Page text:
To never have to start a sentence with "I wish I would have..."


The contents and opinions of this website are mine personally and do not reflect any position of the Peace Corps or the U.S. government.

Saturday, November 27, 2010

Thanksgiving 2010

Happy Thanksgiving everyone! I’m thankful for my incredibly accepting and supportive family and friends. I’m thankful for the amazing experience I am having and the things I am learning about myself every day. I’m thankful for my new PC family, without them I’m not sure I’d still be in Uganda. This Thanksgiving was kind of tough. Even though we are here with a different culture, last Thursday we were able to bring a little bit of America to Uganda.

About half of my group spent the better part of 2 days cooking and preparing Thanksgiving dinner. Pies and stuffing were prepared Wednesday night and early Thursday morning we all woke up to watch our turkey get slaughtered. That’s right, we had our own turkey and one of the volunteers was brave enough to kill it for us. It definitely gave me a much greater appreciation for eating meat. A Ugandan taught us how to clean the bird and explained the significance of each part as it was removed. I have to admit, none of us knew how to cook a turkey much less how to cook a turkey when you don’t have the luxury of a big oven! We ended up cutting the meat into pieces and boiling it for a few hours before baking it. It turned out pretty good.

The menu included turkey, green bean casserole, cranberry sauce (someone brought back from the states!), mashed potatoes, gravy, stuffing, tuna salad, tomato basil salad, herb foccacia bread, pumpkin and apple pies, broccoli macaroni and cheese, fruit salad, pita bread and humus, pumpkin bread, and beets. Oh yea, and everything was homemade!

We ate dinner outside in the middle of the compound at three long tables, end to end to end. Before eating, everyone went around and said what they were thankful for. It was emotional and many tears were shed as people talked about their families back home as well as their new family here. I miss you all very much and it was difficult to be away on such a family oriented holiday but don’t worry, the people here are taking care of me. We are all taking care of each other.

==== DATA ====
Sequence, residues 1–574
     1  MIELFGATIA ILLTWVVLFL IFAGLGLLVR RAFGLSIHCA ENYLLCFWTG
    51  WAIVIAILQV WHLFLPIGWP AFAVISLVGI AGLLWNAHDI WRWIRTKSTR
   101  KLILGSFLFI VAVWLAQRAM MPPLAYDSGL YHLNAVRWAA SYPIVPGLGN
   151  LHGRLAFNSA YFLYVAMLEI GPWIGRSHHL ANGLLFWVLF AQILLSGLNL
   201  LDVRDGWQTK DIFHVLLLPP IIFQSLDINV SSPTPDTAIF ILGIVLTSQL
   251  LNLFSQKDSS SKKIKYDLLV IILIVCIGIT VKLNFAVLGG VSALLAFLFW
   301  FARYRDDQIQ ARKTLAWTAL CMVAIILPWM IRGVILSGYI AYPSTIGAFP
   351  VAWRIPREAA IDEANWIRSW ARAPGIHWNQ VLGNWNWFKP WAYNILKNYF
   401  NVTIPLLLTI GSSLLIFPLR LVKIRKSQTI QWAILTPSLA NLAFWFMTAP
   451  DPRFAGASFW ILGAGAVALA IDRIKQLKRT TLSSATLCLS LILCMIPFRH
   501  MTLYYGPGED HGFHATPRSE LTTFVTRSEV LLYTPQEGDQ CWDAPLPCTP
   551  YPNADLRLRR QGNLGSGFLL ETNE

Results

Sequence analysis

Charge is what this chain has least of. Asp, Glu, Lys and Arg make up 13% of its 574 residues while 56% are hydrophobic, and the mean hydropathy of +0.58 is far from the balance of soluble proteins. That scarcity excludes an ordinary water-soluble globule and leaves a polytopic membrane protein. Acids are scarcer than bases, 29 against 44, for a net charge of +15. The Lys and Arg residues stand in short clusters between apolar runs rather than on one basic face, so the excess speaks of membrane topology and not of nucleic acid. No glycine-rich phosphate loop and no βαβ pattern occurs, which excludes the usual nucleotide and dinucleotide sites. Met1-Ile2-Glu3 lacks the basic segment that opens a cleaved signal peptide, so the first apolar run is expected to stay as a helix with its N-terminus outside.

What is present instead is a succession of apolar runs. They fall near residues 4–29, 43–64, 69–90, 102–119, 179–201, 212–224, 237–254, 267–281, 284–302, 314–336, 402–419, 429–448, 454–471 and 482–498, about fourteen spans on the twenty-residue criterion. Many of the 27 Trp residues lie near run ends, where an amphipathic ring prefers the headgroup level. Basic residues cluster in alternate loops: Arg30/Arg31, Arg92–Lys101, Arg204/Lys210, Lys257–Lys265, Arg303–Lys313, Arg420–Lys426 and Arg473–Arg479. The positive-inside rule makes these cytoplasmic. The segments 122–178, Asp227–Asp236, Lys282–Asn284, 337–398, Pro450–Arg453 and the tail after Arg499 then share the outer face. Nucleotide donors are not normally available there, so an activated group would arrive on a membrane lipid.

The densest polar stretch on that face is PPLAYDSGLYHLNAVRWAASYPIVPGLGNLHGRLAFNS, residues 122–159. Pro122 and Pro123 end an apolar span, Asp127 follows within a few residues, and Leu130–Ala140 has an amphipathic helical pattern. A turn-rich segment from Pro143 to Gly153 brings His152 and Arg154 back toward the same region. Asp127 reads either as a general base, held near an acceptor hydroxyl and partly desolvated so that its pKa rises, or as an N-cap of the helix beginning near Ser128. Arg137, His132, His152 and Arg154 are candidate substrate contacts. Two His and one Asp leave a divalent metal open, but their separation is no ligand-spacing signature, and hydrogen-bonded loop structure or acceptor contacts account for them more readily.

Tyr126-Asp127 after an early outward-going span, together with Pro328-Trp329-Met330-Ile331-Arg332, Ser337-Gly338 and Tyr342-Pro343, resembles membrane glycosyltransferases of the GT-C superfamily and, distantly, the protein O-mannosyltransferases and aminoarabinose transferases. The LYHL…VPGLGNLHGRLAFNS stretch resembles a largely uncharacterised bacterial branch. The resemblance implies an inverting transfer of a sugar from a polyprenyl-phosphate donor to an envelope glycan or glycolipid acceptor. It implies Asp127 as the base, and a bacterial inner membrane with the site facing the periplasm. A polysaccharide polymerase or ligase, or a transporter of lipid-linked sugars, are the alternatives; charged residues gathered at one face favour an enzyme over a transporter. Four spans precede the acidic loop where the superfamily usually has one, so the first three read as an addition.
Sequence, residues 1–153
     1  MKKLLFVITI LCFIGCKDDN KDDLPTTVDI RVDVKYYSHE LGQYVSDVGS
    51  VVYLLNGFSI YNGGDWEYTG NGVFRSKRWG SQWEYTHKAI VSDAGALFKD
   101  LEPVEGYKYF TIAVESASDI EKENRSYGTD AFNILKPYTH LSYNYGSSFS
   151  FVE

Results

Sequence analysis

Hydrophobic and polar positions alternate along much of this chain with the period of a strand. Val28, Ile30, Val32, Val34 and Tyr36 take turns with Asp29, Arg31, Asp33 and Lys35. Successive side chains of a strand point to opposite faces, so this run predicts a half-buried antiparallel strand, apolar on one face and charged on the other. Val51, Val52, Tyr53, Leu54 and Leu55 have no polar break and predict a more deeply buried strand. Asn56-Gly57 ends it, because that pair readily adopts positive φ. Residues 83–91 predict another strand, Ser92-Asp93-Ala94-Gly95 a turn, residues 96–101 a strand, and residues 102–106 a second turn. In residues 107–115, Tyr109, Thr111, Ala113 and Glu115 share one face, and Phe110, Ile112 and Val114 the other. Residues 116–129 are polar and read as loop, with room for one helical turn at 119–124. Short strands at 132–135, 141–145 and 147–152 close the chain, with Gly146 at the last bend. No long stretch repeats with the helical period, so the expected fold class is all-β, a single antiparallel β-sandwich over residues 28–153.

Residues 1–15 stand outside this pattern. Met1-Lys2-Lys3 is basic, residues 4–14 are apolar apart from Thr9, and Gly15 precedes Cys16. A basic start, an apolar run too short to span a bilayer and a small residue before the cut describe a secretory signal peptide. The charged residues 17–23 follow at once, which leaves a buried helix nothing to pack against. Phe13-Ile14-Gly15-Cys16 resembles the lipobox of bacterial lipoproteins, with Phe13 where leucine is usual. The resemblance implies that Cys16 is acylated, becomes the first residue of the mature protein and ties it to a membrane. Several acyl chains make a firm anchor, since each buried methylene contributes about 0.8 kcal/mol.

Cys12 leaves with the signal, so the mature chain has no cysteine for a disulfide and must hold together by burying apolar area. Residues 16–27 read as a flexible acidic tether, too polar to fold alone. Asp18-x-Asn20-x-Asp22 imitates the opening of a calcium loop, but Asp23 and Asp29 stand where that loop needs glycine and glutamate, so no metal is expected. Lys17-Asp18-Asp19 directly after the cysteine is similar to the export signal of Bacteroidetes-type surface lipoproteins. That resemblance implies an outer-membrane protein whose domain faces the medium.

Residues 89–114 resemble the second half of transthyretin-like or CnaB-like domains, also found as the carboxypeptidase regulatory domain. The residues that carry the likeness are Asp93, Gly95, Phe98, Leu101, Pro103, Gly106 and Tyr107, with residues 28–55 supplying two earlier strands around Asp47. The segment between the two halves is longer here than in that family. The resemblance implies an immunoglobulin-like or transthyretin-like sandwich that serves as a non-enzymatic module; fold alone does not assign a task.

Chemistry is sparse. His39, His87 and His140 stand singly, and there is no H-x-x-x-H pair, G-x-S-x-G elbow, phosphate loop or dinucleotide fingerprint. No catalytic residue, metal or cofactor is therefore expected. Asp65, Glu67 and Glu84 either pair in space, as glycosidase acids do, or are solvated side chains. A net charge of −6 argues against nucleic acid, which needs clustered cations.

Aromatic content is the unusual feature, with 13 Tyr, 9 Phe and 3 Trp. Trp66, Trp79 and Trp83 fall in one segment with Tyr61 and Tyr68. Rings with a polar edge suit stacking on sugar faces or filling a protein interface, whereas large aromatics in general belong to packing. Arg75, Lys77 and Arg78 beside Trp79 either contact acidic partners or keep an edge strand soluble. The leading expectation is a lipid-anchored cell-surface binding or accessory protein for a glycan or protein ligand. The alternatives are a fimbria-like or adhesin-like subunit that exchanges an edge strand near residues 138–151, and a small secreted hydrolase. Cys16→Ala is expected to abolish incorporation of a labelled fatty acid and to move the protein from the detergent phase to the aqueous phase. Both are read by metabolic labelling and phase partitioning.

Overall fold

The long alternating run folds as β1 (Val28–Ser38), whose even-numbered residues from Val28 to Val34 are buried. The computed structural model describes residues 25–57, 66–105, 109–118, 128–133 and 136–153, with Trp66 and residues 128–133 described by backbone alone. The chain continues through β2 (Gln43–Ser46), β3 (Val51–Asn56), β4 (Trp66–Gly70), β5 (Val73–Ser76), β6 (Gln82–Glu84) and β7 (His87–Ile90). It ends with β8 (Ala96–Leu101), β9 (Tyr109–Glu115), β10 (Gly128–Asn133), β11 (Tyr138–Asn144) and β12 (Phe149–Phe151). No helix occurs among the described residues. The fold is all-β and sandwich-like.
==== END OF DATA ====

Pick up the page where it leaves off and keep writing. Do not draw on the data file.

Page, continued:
Love everyone and miss you even more during this holiday season.


Tuesday, November 23, 2010

Cultural Differences

I’ve never been to summer camp before much less been a camp counselor before. Nest week I’m privileged to be able to participate as a counselor for camp GLOW (girls leading our world). It’s a week long girls’ empowerment camp for Ugandan girls 13-15. There are about 150 girls from all over Uganda who will be attending the camp. We’ll teach them multiple lifeskills topics including HIV/ADIS facts and myths, puberty and taking care of their bodies (the topic I’m teaching!), arts and crafts, team building, self esteem, public speaking, etc. The best part is, it’s free for them to come!

Last weekend I went to a training for all the counselors who will be at the camp. Each American counselor will be working with a Ugandan co-counselor. During training, we all stayed in the dorm we will be using during the actual camp. I live with Ugandans but I have never before spent the night in a dorm setting with one. After sharing close quarters with Ugandan women I got a deeper insight into the Ugandan culture and just how different it is from the American culture. Below are some things we’ve had to adjust to as well as some things we just don’t see eye to eye on. The first couple are from the weekend at training and the rest are things I have learned my last 9 months here. Hope you enjoy…

-It’s not uncommon for Ugandans to get phone calls (and answer them!) at 3 or 4 in the morning while sharing a room with 40 other people. Apparently the talking rates are MUCH cheaper during this time.

-It’s not uncommon for people to “flash” your phone (call and hang up before you answer) because they want to greet you or they just don’t have enough airtime to spend on having a conversation with you so they want you to use your airtime to call them back.